Rearrange your room – For years, I had the same desk and chair configuration in my classroom. It worked, it was comfortable, and it certainly was ideal for classroom management efforts too. So, when I went to a conference about implementing a new type of reading program, I practically laughed when they suggested putting students into groups of four to allow for more meaningful interaction and more collaboration between the students. It took my co-teacher to convince me to try it, and she assured me that if it was a disaster, she would stay after school to help me move the tables and chairs back to that old-fashioned configuration. But guess what? The new set up with the students in groups was wonderful! It allowed the students to work together and to dive into literature in groups like I had never experienced before in my classroom. It’s amazing to think that something as simple as the seating configuration in a classroom can make such a significant impact. Step out of your comfort zone, and move those tables and chairs or desks around this year!

Redo a bulletin board to perk up your room or hallway – Okay, I’ll admit it. I’ve had one of my bulletin boards up for at least five years. Yep. It looks nice, it has a great message on it for the students, and my incoming students have no idea it’s been up there that long. But, I know it’s time for a change. Could I use my time more wisely during this week of prep for the upcoming school year? Yes, sure. But, I know it’s time for a change, so I am going to use some of that precious time to perk up my room a little and breathe that new life into it. So look around your classroom or your hallway, find something that needs a pick me up, and just make the time to make that change.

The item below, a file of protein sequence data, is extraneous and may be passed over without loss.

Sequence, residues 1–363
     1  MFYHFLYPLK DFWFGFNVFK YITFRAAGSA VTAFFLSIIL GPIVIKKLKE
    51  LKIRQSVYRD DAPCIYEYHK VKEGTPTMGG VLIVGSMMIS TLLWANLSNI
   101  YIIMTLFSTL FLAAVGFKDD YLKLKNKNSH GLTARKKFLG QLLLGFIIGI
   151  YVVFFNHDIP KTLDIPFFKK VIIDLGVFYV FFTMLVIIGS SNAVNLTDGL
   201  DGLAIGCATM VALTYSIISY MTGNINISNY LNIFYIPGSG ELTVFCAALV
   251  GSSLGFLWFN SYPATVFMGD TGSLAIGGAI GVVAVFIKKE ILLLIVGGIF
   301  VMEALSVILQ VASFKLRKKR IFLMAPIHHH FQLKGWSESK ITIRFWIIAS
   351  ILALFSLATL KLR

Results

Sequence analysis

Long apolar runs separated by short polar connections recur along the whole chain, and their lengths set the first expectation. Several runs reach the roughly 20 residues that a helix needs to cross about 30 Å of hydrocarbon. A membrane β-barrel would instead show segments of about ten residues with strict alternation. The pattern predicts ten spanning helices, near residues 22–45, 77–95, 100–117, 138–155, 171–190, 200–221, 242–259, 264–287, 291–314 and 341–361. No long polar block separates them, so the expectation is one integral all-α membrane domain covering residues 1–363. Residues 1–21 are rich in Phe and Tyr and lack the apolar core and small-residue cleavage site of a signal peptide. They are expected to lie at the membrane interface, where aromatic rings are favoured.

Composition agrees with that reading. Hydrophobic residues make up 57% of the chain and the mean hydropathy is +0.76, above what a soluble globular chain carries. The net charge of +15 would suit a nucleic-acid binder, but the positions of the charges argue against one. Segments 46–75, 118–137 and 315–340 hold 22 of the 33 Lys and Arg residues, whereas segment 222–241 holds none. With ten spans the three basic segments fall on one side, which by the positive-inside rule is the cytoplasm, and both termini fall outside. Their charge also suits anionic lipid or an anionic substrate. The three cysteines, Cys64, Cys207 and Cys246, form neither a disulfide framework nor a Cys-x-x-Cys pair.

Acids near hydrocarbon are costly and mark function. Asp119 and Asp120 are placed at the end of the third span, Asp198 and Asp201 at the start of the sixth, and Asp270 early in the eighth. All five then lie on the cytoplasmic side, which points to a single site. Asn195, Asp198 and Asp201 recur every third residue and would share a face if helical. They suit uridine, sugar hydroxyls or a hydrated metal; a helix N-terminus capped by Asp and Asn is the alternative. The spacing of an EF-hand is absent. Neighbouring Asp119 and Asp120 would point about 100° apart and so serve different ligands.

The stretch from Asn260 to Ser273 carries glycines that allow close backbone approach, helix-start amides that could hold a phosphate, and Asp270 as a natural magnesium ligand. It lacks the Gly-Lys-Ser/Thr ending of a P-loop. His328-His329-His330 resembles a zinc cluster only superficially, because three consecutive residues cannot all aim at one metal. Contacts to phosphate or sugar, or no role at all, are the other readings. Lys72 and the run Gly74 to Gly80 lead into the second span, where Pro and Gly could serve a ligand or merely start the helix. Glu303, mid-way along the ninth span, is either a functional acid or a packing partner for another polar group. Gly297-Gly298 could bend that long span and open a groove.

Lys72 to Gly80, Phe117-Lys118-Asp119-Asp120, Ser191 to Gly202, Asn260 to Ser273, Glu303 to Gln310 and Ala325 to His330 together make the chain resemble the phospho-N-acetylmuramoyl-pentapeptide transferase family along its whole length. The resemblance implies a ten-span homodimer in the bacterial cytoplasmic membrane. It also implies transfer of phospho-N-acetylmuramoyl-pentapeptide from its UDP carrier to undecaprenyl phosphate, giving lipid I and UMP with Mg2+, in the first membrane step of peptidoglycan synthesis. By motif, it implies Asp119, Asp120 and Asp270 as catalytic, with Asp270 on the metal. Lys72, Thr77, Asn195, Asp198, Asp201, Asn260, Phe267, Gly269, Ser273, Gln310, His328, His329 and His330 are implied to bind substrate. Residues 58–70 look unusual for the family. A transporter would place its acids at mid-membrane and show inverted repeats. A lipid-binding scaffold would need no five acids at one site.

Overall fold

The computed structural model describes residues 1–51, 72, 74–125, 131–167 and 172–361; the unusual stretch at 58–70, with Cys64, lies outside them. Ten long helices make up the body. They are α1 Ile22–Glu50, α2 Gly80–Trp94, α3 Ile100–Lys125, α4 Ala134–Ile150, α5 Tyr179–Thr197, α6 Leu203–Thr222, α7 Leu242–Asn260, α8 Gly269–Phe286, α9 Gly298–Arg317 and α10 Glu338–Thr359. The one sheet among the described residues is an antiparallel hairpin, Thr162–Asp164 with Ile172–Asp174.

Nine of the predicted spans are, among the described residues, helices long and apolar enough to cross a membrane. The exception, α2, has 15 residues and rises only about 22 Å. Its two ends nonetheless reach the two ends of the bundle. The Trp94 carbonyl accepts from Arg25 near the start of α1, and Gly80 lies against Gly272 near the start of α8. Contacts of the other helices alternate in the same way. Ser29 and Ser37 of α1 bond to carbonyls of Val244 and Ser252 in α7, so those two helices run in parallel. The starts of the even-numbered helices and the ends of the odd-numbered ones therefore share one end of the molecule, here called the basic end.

Go ahead and step outside of your comfort zone!
Go ahead and step outside of your comfort zone!

Vow to try something new this school year – It can be as simple or as complicated as you want to make it. Maybe you want to try a new exit ticket strategy with the students, possibly introduce a totally new unit, or just tweak an existing lesson to make it a little different, new, and refreshing. Whatever it is, go outside of your comfort zone a lot or a little. Change can also come in other ways in your teaching. How about trying a new hairstyle, some new clothes, or even a different lipstick color? Trust me, a little bit of change can go a long way in your classroom. It will help you to get unstuck, see things differently, and feel refreshed. Benjamin Franklin said it best, “Without continual growth and progress, such words as improvement, achievement, and success have no meaning.” So do yourself a favor, make some changes and see the benefits immediately!

The Do’s and Don’ts of Student Teaching